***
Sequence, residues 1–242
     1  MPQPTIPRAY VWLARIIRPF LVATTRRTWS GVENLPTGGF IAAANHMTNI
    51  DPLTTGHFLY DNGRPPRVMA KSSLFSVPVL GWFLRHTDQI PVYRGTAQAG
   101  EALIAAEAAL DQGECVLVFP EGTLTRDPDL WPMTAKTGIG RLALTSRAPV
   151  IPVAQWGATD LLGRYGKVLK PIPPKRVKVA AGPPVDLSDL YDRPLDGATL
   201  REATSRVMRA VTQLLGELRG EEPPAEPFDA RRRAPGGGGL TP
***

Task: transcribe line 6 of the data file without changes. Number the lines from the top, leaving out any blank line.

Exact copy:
   201  REATSRVMRA VTQLLGELRG EEPPAEPFDA RRRAPGGGGL TP